As Mexico's presidential race enters its home stretch towards the vote on 1 July, the issue of drug-related violence has not, as widely expected, dominated the campaign. The Mexico Institute's Duncan Wood explains how the economy is as important as security.
En español: Comercio Agrícola México-Estados Unidos y La Pobreza Rural en México
As the demographics, epidemiological profiles, and migration patterns of El Salvador, Guatemala, Honduras, Mexico, and the United States change, there is rich opportunity to explore how the effective management of migration across these countries might help meet the demand for health care services. Using a comparative case study, this report looks at health care services and human resources in all five countries to identify constraints on health care capacity. Nursing personnel are the focus of the report.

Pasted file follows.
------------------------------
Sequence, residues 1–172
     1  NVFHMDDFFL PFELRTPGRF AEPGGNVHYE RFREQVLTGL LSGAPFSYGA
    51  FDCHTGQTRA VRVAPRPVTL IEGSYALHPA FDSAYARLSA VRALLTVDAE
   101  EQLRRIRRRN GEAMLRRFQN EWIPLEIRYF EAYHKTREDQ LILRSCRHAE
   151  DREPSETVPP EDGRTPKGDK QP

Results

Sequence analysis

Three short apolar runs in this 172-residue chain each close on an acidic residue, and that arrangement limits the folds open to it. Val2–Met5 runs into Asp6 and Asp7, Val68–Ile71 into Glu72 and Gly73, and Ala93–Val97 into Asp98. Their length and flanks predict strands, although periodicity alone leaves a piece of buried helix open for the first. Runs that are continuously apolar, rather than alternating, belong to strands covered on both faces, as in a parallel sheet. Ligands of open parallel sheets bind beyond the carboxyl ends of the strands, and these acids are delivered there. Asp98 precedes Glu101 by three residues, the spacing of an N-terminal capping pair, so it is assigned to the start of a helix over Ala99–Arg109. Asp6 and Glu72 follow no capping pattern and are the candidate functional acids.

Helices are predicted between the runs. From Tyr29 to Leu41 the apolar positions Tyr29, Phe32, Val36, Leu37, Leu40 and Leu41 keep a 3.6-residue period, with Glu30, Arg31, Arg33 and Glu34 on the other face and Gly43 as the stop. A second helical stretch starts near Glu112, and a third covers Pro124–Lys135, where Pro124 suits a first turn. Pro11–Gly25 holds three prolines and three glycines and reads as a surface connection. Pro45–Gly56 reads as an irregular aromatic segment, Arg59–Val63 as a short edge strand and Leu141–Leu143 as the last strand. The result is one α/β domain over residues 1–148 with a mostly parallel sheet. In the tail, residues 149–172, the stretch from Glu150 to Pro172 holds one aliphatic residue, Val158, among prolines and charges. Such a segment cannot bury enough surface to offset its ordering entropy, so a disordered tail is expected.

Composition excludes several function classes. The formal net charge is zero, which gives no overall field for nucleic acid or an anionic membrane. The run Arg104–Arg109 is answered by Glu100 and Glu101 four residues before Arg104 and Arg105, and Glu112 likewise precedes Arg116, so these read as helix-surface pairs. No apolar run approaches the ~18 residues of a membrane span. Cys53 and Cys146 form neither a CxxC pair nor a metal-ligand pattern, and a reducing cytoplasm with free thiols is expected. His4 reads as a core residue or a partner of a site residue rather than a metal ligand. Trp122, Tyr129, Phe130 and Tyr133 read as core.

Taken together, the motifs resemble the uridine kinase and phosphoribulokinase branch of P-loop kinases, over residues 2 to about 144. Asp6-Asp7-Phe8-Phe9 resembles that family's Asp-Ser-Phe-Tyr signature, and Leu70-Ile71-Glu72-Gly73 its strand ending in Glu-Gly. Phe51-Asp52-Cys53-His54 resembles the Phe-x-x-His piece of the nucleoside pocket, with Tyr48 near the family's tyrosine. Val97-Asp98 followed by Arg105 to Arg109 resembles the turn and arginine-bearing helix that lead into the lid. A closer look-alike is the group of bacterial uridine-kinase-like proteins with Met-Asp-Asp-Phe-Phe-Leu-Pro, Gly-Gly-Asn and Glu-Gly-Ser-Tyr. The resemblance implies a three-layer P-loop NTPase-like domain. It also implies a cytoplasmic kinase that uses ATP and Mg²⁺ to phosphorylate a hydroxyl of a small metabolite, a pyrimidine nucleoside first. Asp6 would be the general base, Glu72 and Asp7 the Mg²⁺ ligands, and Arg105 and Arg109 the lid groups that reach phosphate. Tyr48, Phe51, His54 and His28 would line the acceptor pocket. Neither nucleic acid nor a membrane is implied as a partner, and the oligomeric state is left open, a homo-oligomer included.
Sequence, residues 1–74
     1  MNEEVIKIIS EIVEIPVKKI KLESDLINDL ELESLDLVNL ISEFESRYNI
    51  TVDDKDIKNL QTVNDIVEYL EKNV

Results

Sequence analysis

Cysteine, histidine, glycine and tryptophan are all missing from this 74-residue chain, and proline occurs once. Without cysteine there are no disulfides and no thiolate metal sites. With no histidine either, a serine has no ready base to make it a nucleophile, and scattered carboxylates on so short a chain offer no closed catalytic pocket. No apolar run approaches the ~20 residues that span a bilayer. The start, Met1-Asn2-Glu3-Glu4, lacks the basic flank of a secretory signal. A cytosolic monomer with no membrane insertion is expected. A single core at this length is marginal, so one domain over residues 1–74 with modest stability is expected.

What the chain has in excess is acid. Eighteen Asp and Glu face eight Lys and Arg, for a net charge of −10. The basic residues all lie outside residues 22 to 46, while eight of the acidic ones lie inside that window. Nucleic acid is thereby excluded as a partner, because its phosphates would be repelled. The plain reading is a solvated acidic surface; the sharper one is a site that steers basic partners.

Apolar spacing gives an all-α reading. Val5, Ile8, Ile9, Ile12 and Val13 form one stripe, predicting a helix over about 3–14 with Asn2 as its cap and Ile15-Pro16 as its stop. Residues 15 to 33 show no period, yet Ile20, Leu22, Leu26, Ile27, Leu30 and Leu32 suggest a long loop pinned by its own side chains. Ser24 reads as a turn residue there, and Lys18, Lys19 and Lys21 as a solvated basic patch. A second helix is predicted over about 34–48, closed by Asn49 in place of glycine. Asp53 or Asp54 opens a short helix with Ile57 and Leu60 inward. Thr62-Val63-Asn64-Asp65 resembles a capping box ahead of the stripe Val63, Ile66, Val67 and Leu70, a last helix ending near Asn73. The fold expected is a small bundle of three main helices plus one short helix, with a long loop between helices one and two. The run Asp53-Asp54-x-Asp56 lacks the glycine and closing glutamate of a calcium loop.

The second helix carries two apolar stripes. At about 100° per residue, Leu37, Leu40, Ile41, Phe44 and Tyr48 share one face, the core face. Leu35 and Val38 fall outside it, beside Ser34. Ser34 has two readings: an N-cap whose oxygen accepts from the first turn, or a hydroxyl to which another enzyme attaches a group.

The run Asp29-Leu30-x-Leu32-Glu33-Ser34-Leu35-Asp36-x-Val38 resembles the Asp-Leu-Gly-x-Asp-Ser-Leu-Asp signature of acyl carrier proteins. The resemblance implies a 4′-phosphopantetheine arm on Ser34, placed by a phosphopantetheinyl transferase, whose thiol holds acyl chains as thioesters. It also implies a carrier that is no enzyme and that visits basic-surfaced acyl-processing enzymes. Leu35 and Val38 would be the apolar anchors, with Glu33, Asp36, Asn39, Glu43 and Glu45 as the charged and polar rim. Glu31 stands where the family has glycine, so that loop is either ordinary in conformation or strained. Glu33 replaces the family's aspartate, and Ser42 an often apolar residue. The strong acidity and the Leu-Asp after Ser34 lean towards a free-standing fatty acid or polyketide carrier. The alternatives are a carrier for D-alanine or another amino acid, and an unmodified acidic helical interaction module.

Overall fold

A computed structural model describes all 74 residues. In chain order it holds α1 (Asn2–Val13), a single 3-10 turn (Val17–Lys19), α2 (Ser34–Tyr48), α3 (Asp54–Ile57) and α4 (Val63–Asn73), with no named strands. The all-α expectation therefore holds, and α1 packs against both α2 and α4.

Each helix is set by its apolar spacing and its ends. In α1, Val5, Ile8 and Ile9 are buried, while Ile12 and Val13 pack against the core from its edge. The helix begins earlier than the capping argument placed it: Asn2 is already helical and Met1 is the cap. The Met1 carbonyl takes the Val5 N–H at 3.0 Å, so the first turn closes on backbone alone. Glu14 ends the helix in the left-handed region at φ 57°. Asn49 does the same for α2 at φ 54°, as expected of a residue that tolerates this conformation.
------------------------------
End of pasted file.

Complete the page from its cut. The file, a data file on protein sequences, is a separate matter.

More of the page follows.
The Mexico Institute presents policy recommendations for strengthening U.S.-Mexico relations during the administrations of President Obama and President Peña Nieto.
This year’s presidential election will be particularly interesting because of what is at stake. Mexico’s young democracy is at an important crossroads.
Mexico may make serious headway in its fight against organized crime by designating one criminal group as the "most violent," and then focusing most of the government's resources against them, according to a new report by the Mexico Institute at the Woodrow Wilson International Center for Scholars.